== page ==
13. Reid,
    On the last question, I don’t know.

    But I think you’re right about living in a world where nothing is hidden. It’s not difficult, but it’s almost entirely delusional. It is, in the long run, the logical end of a secular conception of the world. A world in which there is no wonder.

  14. Eliot, Father mentioned the book Laurus, a Russian book recently translated to English I believe. I haven’t read it–don’t know if it fits what you’re looking for but it might be–or at least you might attempt an American version. It is about someone being a Fool for Christ. In this respect I think it is also about taking on the sins of another which is not exactly a hallmark of the American way of looking at ‘the good life’.

    Father, also your article brings out a question for me and is part of the life of discernment. When to speak the truth, and when to leave the truth hidden. St Macarius chose to accept the lie leveled against him. This happened to me not long ago and I didn’t accept the lie leveled against me. Knowing when to speak truth and when to keep one’s mouth shut, is excruciatingly hard for me to discern, and likely indicates my infancy in Christ.

  15. Thank you Fr Stephen. I reflect on your quote of Elder Sophrony and pray for a heart that is willing to be patient, to be open to the truth of myself and to bear a little shame as you gave us earlier.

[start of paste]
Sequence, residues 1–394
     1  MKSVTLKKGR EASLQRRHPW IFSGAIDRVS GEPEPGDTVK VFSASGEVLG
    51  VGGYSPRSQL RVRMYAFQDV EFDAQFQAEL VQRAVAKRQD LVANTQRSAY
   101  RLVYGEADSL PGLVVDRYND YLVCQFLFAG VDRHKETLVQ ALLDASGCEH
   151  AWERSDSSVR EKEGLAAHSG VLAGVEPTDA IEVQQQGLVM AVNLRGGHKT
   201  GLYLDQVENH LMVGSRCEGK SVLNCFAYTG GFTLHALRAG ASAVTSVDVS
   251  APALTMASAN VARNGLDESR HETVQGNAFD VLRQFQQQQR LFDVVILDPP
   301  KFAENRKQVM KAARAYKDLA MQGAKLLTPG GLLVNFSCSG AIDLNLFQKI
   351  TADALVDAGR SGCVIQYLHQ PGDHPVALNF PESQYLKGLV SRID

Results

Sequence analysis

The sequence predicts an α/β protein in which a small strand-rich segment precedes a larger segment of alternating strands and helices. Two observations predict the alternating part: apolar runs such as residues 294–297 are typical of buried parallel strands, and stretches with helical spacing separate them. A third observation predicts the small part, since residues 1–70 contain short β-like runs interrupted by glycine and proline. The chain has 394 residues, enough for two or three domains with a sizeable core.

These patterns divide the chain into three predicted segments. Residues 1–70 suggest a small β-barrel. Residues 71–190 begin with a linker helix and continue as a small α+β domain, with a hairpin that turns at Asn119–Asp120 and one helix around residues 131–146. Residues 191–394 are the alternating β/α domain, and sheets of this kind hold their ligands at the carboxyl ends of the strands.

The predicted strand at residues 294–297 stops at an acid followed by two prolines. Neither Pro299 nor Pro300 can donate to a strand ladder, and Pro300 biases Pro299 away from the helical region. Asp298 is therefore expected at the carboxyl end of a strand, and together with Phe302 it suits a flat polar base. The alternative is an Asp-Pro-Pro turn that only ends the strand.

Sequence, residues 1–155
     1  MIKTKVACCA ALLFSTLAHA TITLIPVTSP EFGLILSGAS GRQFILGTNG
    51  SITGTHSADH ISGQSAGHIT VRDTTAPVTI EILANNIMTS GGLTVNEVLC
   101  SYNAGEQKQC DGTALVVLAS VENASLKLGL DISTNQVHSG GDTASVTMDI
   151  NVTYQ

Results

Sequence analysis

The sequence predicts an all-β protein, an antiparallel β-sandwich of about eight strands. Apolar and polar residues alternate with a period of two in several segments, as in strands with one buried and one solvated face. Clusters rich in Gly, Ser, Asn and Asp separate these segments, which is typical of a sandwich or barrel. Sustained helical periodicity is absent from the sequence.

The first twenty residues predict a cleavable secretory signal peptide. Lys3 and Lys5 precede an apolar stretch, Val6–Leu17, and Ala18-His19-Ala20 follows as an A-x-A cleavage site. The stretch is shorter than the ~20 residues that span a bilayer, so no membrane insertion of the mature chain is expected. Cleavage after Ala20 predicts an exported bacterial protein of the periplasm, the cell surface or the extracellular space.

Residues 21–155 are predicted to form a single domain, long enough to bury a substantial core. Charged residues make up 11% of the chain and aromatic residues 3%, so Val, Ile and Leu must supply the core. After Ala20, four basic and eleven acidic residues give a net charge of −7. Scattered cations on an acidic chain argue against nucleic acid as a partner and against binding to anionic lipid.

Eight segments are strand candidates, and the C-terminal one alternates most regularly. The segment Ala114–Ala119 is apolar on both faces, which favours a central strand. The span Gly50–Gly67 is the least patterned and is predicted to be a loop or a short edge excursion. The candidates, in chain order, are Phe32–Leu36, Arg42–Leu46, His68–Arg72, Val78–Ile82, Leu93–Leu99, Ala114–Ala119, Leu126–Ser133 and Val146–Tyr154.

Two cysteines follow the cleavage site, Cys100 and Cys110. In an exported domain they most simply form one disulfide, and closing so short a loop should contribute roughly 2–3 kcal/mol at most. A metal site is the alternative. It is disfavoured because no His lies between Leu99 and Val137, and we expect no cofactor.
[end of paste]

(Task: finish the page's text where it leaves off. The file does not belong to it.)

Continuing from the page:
16. This essay is so full of beautiful vistas that require a stop and enjoy moment. Such rest stops always have a trail that goes somewhere unseen. An explore is called for.

    Your reminder of the etymology of ‘apocalyptic’ was one small overlook for me. This word has been redefined in our time to only consider the end, the devastation, the conflagration of creation (or some imagined world).

    To view this word in the same way as the Apostle of love who wrote what he saw in the Third Heaven can redefine how one reads the Book of Revelation. It is an uncovering. It is a scenic overlook from the eternal viewpoint.

    Our worldly viewpoint, like our technological civilization, ends up delighting in seeing Creation burn and be used up. St. John’s work is to uncover and shed Eternal Light on the history and meaning of God’s work in Creation.

    This is just one of the wonderful little explores that I have enjoyed while reading and rereading this ponder on what is ‘hidden in plain sight’.

  17. It would seem our inability to see ourselves accurately speaks to the phenomenon of preferring criticism to compliments and hatred rather than love.

    To stand comfortably under the gaze of someone who loves you can be quite difficult, at least for me.

    How much harder to approach Jesus whose love is perfect.

  18. Thank you, Father, for an inspiring post. It is so easy to be defensive when falsely accused, yet the example set by those wise and profoundly faithful men we follow is salutary and inspiring.